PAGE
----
DPR: Marketers Diverted 162 Trucks, Nine Million Litres of Petrol in Three Months

  • Realises N12m from fines levied on erring marketers

Chineme Okafor in Abuja

Between December 2017 and February 2018, about 162 trucks containing eight million litres of petrol supplied by the Nigerian National Petroleum Corporation (NNPC) as intervention products were diverted away from their original destination service stations across Nigeria, the Department of Petroleum Resources (DPR) on Wednesday disclosed.

The DPR stated shortly after all its controllers met with its Director, Mr. Mordecai Ladan, in Abuja on the current petrol scarcity experienced in cities across the country, that its Special Intelligence Unit (SPU) created to monitor the situation made this discovery.

Speaking to journalists after the meeting, DPR’s Public Relations Officer for its Abuja office, Mr. Mohammed Saidu, stated that the SPU discovered that most of the volumes of petrol were diverted from the Kano Depot of the NNPC.

According to him, one petroleum products marketer – A.Y Maikifi, alone diverted 115 trucks between December 2017 and January 2018.

He explained that the marketer has been fined N1.2 billion for such infraction, while the DPR has realised about N12 million from the gradual payments of its fine to other culpable marketers.
“The DPR has uncovered massive diversion of products. These were as a result of Special Intelligence Unit that we just created to intensify surveillance. This SPU goes about to give us report, in fact they work day and night. We received report that largely some of the diverted products do not appear on the manifest.

“About 162 trucks slightly above 9 million litres have been discovered to be diverted between January and February,” said Saidu.

He further explained: “These give DPR a lot of concerns and that was why DPR gathered all the controllers across the country to make sure they further strategise and give clear cut directives as to how they should go about uncovering these sharp practices.

“The products so far diverted were from Kano NNPC depot where one marketer, A.Y Maikifi diverted 115 trucks between December 2017 and January 2018 and you could see that it was the peak of the crisis.
“Those trucks were specifically meant for intervention but those trucks never got to any station because the station he claimed to be taking the truck was a non-existing station. Our intelligence unit visited there and discovered that the land was not even cleared let alone a filling station existing there,” he added.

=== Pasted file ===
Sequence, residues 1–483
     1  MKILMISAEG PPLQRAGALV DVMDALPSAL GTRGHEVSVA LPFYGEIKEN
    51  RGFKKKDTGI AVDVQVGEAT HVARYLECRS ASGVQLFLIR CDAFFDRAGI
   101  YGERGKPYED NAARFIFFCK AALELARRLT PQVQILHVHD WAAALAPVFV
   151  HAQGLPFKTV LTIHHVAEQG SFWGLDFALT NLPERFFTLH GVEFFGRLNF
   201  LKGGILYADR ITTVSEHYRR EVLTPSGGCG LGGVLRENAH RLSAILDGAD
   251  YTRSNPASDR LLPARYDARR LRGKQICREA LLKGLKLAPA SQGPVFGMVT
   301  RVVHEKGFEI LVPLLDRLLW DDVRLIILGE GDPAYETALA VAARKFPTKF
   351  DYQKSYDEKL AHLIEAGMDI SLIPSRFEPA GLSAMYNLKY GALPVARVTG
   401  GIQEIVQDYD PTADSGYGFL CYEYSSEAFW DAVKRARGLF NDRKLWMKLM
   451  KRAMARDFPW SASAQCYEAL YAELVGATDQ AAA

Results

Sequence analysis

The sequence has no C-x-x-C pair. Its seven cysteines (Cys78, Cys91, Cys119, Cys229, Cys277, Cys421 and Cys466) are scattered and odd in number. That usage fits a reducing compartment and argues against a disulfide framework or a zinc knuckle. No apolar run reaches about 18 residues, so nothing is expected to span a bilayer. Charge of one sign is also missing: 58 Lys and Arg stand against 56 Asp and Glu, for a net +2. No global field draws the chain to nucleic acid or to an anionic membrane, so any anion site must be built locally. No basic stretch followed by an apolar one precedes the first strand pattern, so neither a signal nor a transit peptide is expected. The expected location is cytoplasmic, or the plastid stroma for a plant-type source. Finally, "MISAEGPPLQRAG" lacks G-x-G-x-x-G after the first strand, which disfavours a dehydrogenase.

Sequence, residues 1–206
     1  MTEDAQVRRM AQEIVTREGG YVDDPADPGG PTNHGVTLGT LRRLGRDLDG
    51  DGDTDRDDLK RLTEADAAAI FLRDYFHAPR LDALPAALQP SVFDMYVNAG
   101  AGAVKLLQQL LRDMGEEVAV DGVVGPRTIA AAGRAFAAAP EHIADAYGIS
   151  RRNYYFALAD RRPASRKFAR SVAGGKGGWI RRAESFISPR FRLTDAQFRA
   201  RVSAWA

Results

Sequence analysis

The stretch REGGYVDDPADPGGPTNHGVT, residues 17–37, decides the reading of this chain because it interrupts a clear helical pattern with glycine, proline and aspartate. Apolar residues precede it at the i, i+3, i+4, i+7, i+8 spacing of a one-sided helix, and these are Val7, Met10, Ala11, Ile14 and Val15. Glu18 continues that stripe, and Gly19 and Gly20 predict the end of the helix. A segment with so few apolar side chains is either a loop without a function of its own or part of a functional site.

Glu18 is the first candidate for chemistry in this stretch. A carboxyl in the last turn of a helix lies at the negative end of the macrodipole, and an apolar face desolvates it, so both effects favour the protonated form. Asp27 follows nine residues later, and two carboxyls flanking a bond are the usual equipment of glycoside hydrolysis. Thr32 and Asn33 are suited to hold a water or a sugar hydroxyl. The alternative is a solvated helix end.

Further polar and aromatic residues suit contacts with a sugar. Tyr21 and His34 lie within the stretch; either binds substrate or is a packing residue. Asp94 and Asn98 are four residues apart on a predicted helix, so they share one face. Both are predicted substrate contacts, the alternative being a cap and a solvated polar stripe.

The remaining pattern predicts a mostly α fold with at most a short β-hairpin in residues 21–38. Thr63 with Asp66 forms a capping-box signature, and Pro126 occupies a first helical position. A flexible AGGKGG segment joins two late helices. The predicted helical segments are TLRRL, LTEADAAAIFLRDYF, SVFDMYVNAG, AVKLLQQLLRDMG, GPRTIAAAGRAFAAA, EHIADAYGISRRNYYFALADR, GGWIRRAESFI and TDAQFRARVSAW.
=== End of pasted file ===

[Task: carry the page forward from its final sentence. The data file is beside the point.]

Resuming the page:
Saidu noted that: “One of the reason DPR called for a meeting of all the operations controllers across the country was to make sure each of them will replicate this intelligence unit and that will go a long way in helping the DPR.

“The concern is that these products were not in the manifest. Were it not for the intelligence unit, there was no way DPR would have known such product existed let alone track.”
On what will happen to the marketers found culpable, Saidu said: “All the marketers that have been found culpable have been fined N275 per litre (of product diverted). For instance, AYM Maikiffi has been fined N1.2 billion and he must pay because he could not account for the product.

“There are smaller marketers that have since commenced payment of their own. We have realised over N12 million from marketers who have come forward to accept they have diverted and are willing to pay the fine. Some have paid up to 50 per cent while some are still pleading but until they finished payment DPR will not lift the fine.”

Asked why the DPR just got wind of the diversions which happened in December and January, as well as in February, Saidu said: “What happened was that during this period when NNPC gave its intervention products DPR was not involved. Intervention products are products that are given to marketers to take to certain locations to beef up supply but we were surprised that these products were taken to difficult location where they think DPR cannot locate.

“But our special intelligence unit went as far to those areas to discover that the products meant for intervention did not only go there but the filling stations never existed. They saw a flat land that was not cleared.”

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